Psychology, Department of


Date of this Version



Published in final edited form as: Child Adolesc Psychiatr Clin N Am. 2009 July ; 18(3): 627–643. doi:10.1016/j.chc.2009.02.003.


Author manuscript; available in PMC 2023 May 10.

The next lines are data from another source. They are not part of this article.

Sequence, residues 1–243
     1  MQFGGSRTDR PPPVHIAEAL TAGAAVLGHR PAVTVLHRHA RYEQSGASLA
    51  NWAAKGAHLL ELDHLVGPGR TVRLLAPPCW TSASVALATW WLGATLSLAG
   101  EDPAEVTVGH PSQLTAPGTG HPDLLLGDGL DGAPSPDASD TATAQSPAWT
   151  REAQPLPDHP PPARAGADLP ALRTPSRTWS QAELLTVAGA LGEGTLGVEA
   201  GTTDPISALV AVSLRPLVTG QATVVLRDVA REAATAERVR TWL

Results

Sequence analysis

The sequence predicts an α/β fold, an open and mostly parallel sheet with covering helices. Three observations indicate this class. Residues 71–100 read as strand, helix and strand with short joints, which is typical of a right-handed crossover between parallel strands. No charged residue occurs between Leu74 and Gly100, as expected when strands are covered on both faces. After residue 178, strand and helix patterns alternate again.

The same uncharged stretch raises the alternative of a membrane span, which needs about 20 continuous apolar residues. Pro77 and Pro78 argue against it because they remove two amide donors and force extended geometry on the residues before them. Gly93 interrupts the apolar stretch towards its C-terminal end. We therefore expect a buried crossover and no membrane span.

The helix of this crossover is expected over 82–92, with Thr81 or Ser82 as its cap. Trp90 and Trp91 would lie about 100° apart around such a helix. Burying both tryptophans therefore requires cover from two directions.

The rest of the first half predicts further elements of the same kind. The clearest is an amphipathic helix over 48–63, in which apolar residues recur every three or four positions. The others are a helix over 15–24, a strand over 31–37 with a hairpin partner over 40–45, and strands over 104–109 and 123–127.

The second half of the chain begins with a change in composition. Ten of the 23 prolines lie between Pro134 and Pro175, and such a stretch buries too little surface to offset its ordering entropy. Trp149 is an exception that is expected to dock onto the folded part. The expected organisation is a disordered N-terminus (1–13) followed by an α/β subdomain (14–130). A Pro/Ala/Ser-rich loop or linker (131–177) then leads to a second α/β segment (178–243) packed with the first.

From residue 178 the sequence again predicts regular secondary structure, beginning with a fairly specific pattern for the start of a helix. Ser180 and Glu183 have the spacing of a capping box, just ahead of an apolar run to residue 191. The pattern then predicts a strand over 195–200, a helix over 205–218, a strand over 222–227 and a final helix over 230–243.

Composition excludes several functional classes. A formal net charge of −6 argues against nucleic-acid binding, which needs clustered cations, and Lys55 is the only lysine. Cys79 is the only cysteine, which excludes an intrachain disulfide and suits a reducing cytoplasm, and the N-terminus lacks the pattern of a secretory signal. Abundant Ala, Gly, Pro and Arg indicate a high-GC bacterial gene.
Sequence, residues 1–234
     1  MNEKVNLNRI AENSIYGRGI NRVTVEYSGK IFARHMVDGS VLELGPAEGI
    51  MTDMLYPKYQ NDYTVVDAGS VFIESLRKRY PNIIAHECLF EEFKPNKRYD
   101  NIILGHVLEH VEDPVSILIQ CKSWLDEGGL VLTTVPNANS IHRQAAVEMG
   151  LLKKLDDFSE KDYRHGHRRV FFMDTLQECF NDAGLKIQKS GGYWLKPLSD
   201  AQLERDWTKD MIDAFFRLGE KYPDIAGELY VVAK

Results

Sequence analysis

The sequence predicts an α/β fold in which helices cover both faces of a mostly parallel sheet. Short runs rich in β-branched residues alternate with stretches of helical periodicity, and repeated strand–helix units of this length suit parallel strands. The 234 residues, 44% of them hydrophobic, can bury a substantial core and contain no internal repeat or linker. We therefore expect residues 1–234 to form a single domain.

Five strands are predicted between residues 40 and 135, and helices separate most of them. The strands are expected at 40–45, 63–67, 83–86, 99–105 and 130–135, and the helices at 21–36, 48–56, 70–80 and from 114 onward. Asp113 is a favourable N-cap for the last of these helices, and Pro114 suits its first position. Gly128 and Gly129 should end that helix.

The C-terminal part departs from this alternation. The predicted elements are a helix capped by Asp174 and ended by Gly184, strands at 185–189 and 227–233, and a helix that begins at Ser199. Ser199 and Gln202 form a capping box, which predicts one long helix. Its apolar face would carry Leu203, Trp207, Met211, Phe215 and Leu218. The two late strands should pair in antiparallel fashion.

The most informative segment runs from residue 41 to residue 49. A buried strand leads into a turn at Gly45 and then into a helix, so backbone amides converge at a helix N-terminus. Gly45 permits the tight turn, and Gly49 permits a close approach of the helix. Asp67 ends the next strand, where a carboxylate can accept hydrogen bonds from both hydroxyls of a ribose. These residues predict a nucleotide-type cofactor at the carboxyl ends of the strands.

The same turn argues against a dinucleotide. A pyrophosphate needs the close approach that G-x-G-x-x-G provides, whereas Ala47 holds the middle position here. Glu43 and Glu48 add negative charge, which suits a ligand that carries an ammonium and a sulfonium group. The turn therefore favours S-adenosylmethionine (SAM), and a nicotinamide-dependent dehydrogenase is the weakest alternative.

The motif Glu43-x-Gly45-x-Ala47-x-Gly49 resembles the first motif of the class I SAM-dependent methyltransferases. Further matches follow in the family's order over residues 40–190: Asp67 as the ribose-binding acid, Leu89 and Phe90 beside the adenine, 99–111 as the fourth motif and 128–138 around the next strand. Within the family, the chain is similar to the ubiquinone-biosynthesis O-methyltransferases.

There is now little doubt that DSM-IV behavior disorders are present and identifiable during the preschool years (1,2). With only minor modifications to DSM-IV Disruptive Behavior Disorders (DBDs) and attention-deficit/hyperactivity disorder (ADHD) nosology, multiple, independent studies have shown similar prevalence rates and correlates as in older children (1). In the preschool age range, these disorders also have modest stability (3-6). It is clear that the behaviors that comprise DBDs and ADHD (e.g., noncompliance, rule-breaking, aggression, destruction of property, hyperactivity, inattention, and impulsivity) impair children’s functioning and that caregivers of young children often experience considerable difficulty in managing those who exhibit high levels of these behaviors. Increasingly, preschoolers are being referred to mental health clinics for DBDS and ADHD (7), with escalating rates of pharmacological treatments (8). Thus, the “real world” consequences of behavior disorders are substantial for young children and their families and often mark the onset of long-term developmental maladaptation that marks psychopathology (9). Concerted effort to characterize the clinical manifestations of these disorders in early childhood more precisely will maximize our ability to intervene effectively in the lives of young children affected with DBDs and ADHD and, ultimately to reduce their long-term health burden. The increasing consensus that these syndromes exist in young children also comes with growing concern that these disorders may be developmentally misspecified, particularly for young children who are not at the extremes (10). In this paper, we review the extant empirical evidence through a “developmental lens,” with an eye to analyzing how the absence of a developmental approach may hinder accurate identification. Further, we show how integrating evidence from developmental science provides useful guideposts for generating and testing a developmentally-specified nosology. Together with the plethora of work on preschool psychopathology over the past decade, this provides a strong foundation for charting a course for the next generation of more refined efforts in early childhood.

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